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Detecting Post-surgical Respiratory Compromise and Prompting Patients to Self-rescue: An Early Feasibility Study

2016-11-15 11:38:21 | BioPortfolio

Summary

This study will explore the feasibility of an idea to use standard, FDA-approved patient monitors to detect ventilatory depression and then play a recorded nurse's voice to prompt patients by name to breathe. The voice prompt will occur in addition to when the traditional alarms are sounded by the monitors. The study device consists of commercially available physiologic monitors, a speaker, and a laptop computer. The physiologic monitors include a pulse oximeter with a motion sensor, capnometer, and nasal airway pressure sensor (built into a nasal cannula). Nasal pressure is a commonly used clinical monitor for sleep apnea detection during polysomnography testing in sleep labs.

Description

This study will explore the feasibility of an idea to use standard, FDA-approved patient monitors to detect ventilatory depression and then play a recorded nurse's voice to prompt patients by name to breathe. The voice prompt will occur in addition to when the traditional alarms are sounded by the monitors. The study device consists of commercially available physiologic monitors, a speaker, and a laptop computer. The physiologic monitors include a pulse oximeter with a motion sensor, capnometer, and nasal airway pressure sensor (built into a nasal cannula). Nasal pressure is a commonly used clinical monitor for sleep apnea detection during polysomnography testing in sleep labs.

The study will be conducted in patients that are admitted to the hospital following surgery. Patients will be monitored during the first 24 hours after surgery, first in the recovery room (post anesthesia care unit, or PACU) and then on the hospital floor. The study will enroll patients with a high likelihood of experiencing ventilatory depression and/or partial to complete airway obstruction. This patient group includes those with known or suspected obstructive sleep apnea and those with surgeries associated with moderate to severe postoperative pain that require significant opioid administration after surgery. The study will compare effectiveness of prompting patients to breathe to that of routine clinical practice in the PACU and hospital floor. The hypothesis is that when compared to standard monitoring and interventions by clinical staff, the digitized breath prompting will prompt patients to breathe more quickly, which will lead to higher oxygen-hemoglobin saturations and respiratory rates throughout the first 24 hours of a patient's hospital stay following surgery.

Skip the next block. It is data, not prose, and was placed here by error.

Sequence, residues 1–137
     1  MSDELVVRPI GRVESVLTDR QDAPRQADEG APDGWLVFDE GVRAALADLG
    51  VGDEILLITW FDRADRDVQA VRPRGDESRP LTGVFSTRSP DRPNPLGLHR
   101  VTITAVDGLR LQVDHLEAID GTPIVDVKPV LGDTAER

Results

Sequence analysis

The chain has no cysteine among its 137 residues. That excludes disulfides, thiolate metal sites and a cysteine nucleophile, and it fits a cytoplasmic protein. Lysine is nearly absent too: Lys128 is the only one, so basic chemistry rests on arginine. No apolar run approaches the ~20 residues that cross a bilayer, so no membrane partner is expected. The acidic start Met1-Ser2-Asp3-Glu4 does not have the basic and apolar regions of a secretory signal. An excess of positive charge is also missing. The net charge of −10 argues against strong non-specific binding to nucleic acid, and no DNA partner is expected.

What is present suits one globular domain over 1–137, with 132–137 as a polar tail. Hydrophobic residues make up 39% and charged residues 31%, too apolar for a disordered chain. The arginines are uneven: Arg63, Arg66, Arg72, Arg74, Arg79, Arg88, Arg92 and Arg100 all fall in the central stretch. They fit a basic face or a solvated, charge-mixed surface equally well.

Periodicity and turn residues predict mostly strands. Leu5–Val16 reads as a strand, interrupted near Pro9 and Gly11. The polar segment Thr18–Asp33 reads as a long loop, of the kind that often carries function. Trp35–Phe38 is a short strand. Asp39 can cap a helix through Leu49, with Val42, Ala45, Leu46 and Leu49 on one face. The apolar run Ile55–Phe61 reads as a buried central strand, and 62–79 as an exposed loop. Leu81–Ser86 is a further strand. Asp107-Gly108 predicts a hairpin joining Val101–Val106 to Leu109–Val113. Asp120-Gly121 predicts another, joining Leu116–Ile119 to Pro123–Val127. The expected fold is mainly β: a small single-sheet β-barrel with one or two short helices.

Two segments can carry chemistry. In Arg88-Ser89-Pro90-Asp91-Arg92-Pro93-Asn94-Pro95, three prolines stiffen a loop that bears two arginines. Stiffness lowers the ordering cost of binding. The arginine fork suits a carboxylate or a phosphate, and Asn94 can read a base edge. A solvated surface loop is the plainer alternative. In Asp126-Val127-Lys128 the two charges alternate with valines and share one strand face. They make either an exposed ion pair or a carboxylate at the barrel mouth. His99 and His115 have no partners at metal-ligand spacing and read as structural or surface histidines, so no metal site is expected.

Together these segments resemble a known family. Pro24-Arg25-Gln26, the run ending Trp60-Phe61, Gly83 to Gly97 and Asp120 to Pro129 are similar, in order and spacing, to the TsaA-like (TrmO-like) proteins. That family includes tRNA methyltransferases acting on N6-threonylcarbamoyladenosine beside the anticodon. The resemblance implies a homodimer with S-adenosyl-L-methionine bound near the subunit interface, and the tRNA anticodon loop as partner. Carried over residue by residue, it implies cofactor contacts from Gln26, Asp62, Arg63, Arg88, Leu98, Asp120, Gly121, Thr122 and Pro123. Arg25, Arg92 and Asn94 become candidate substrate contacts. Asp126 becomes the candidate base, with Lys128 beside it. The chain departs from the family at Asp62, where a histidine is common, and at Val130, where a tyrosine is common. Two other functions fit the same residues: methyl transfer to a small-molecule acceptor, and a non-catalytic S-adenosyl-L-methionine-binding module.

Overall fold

For patient safety purposes, the experimental design of this study will implement this device as a shadow monitor. Patients will be instrumented with standard physiologic monitors per routine practice in each hospital location (PACU and floor). There will be no change in how clinical staff interacts with patients (i.e. prompting to breathe, checking vital signs, administering medications, assessing patient well-being, etc.) Clinical staff may disable the device at any time if patient comfort or safety are in question.

This study involves use of already cleared medical devices in which they are used in accordance with the indications in the cleared labeling. What is unique is that output from these monitoring devices will be used to prompt a patient directly by name to breathe. The goal of this study is to test the feasibility of the idea that patients will respond to prompts to breathe by a digitized prompting system. If the concept is successful in patients after surgery, as it was for healthy volunteers in previous testing, future research steps would include designing a device and testing it in a clinical trial on patients on the general floor.

Study Design

Allocation: Randomized, Intervention Model: Parallel Assignment, Masking: Open Label, Primary Purpose: Supportive Care

Conditions

Anesthesia

Intervention

NM3, Phillips Medical, Wallingford CT: verbal prompts to breathe with an optional shoulder shake

Location

University of Utah
Salt Lake City
Utah
United States
84112

Status

Not yet recruiting

Source

University of Utah

Results (where available)

View Results

Links

Published on BioPortfolio: 2016-11-15T11:38:21-0500

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